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Report Gives California ‘B’ Grade for Allowing Debt Collectors to Push Families into Poverty During the Pandemic


 Bank levy protections offered by California’s newly implemented SB 616, co-sponsored by Western Center, boosts California from ‘C’ grade in 2019

SACRAMENTO — As millions of families suffer job loss or struggle to pay bills during COVID-19, states have an important role in protecting them from seizure of essential wages and property to pay old debts, or to protect against seizure for debts that have already been paid or result from fraud or error. A new report from the National Consumer Law Center, No Fresh Start 2020: Will States Let Debt Collectors Push Families into Poverty in the Wake of a Pandemic?, surveys exemption laws to protect wages, assets in a bank account, and property from seizure by creditors in the 50 states, the District of Columbia, Puerto Rico, and the Virgin Islands. The report gives California a ‘B’ grade, up from last year’s ‘C’, making it one of the most improved states in the country.

One significant reason California is recognized as one of the most improved states is because of Senate Bill 616 by Senator Bob Wieckowski, which protects the first $1,788 dollars in a person’s bank account from consumer bank levies; the law went into effect in September. Western Center proudly co-sponsored SB 616 with the California Low-Income Consumer Coalition, East Bay Community Law Center, and the California Asset Building Coalition; and earlier this month, Western Center honored Delilah L. Clay of Manatt, Phelps & Phillips, LLP’s Sacramento office for her pro-bono service, which contributed to the passage of the bill.

“In California, we like to say we lead the country with progressive policies,” said Jessica Bartholow, a Western Center policy advocate who has pursued consumer justice legislation for several years. “The reality is that when it comes to consumer protection, that hasn’t been the case. But things are changing, as evidenced by this year’s ‘most improved state’ recognition following the enactment of several new consumer laws. We’re combing the 2020 report to see what other states are doing and how we can emulate the better policies that are out there.”

Other improvements made in California include a new homestead exemption, which protects against home loss during bankruptcy, and establishes a new state entity charged with licensing debt collectors and protecting consumers from abusive and illegal debt collection practices. California also now prohibits foreclosures on a person’s principal residence for any consumer debt under $75,000, unless the home was collateral for the debt when it was accrued.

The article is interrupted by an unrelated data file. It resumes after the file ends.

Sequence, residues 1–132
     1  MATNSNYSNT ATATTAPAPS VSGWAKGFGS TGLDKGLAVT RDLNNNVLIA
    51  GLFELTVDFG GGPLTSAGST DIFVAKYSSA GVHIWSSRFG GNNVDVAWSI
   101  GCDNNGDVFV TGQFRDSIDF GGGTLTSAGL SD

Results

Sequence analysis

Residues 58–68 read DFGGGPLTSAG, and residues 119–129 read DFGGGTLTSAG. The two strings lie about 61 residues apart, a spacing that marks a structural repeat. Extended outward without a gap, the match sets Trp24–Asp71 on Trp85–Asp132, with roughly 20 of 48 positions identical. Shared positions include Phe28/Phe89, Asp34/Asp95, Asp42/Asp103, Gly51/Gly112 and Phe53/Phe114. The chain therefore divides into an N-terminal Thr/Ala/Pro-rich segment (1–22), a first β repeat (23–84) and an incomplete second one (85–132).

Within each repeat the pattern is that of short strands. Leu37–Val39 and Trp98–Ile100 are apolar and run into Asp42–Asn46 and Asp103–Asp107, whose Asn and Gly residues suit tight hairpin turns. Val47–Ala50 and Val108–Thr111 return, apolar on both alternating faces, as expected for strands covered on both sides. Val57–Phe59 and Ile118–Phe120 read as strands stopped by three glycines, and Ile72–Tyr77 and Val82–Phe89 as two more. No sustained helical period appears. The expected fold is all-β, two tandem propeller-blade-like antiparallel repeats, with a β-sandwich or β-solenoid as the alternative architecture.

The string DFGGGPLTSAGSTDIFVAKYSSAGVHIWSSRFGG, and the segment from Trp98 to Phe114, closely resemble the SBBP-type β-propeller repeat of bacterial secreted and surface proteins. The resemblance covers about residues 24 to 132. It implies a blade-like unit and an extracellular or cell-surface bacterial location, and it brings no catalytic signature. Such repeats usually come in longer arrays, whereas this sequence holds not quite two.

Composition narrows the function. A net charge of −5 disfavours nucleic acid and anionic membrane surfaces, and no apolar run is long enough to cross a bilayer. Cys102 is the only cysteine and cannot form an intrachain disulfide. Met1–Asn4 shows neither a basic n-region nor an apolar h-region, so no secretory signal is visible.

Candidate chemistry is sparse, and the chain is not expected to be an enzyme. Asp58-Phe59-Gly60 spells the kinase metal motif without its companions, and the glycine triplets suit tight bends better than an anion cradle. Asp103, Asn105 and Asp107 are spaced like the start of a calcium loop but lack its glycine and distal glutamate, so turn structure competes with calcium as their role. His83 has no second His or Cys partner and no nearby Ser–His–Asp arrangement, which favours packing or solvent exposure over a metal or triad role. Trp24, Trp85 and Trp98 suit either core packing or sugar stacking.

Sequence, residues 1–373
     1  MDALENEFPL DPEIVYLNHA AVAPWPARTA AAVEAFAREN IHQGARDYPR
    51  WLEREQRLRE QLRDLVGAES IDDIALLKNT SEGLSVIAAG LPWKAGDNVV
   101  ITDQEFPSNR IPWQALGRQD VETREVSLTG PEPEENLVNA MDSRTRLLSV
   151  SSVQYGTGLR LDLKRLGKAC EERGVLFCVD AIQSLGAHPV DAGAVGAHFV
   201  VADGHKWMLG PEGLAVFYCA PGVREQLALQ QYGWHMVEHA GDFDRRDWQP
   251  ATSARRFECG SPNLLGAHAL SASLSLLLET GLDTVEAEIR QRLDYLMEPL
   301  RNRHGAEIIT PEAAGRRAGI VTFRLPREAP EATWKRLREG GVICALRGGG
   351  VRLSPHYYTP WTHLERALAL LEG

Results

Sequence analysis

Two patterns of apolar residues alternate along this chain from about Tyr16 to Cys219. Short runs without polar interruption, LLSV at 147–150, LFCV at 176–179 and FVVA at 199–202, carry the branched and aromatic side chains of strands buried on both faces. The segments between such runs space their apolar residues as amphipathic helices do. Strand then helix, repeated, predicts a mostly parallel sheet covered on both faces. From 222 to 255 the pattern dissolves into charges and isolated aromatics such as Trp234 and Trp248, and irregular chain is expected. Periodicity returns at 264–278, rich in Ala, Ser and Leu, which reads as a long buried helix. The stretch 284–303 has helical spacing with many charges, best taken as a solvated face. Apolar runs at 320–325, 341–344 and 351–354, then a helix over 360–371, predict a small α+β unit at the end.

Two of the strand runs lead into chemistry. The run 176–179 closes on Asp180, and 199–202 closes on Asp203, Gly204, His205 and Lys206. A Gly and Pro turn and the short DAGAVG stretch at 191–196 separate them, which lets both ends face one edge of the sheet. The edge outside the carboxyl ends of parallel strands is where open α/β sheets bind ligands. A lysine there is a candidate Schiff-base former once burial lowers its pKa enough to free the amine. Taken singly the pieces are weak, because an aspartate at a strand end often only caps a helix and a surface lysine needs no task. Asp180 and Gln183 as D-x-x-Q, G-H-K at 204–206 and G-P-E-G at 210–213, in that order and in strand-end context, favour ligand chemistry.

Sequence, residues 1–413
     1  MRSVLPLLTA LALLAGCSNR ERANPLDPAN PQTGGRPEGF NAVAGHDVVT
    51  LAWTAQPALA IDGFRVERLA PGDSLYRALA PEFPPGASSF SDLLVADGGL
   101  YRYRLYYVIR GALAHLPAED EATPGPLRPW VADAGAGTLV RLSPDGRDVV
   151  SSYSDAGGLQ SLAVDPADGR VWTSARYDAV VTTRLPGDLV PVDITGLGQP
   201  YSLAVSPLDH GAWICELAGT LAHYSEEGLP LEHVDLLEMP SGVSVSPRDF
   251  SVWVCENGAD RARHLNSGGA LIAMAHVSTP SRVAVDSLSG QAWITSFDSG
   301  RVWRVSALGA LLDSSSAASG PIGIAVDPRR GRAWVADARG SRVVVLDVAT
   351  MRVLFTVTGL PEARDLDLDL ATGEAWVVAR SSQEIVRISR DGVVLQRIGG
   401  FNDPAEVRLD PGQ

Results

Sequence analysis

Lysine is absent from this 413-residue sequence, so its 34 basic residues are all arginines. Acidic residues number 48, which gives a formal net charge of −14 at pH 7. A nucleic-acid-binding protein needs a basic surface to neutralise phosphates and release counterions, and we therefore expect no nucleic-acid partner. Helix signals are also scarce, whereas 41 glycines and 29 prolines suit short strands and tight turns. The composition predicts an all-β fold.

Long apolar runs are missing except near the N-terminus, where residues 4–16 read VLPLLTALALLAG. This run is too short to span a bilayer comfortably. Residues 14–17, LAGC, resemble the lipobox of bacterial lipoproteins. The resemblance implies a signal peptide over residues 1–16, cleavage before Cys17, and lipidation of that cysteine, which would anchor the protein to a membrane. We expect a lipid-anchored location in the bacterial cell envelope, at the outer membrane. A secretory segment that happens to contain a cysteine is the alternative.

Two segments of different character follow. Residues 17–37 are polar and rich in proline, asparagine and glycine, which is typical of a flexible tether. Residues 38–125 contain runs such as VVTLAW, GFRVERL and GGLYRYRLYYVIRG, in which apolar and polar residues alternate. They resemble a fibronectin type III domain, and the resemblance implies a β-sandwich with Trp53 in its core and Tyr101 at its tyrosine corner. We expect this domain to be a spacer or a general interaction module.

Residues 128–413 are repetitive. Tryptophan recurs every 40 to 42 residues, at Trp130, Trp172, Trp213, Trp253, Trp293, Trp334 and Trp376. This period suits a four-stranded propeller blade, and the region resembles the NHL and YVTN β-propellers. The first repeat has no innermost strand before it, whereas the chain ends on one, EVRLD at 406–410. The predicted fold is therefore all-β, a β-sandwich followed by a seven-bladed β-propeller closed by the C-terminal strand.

“By reforming their exemption laws, states will not only protect families from destitution but will promote economic recovery by enabling families to spend their money in state and local communities,” said Carolyn Carter, National Consumer Law Center deputy director and author of the report.

Strong exemption laws are important for many reasons, but particularly because weak protections exacerbate the racial wealth gap. Communities of color are disproportionately burdened by debt, subject to judgments in collection lawsuits, and subject to wage garnishment. Because of longstanding discrimination, Black and Latinx households have less wealth and less of a safety net to draw on during challenging times, like during a global pandemic.

Key recommendations from the report include automatic updating of exemption amounts for inflation, and making them self-enforcing, to the extent possible, so consumers don’t have to file complicated papers or attend court hearings (see report for the full list of recommendations). Model language for California to achieve these goals is provided in the National Consumer Law Center’s Model Family Financial Protection Act. The model law also includes steps the state can take to reduce the pervasive abuse of the court system by debt buyers.

California can prevent over-aggressive debt collectors from plunging families into poverty. Such protections also benefit the state by keeping workers in the workforce, helping families stay together, and reducing the demand on funds for unemployment compensation and social services. Overall, everyone benefits when consumers have the financial resources to improve their earning power and pay off debt in a way that honors their humanity.

For more information on NCLC’s body of work related to fair debt collection, visit: For a PDF of this release, click here.


Jessica Bartholow, Western Center on Law & Poverty – jbartholow[at]

Stephen Rouzer, National Consumer Law Center – srouzer[at]


About Western Center on Law & Poverty: Through the lens of economic and racial justice, Western Center on Law & Poverty fights in courts, cities, counties, and in the Capitol to secure housing, health care and a strong safety net for low-income Californians.

The nonprofit National Consumer Law Center® (NCLC®) works for economic justice for low-income and other disadvantaged people in the U.S. through policy analysis and advocacy, publications, litigation, and training.









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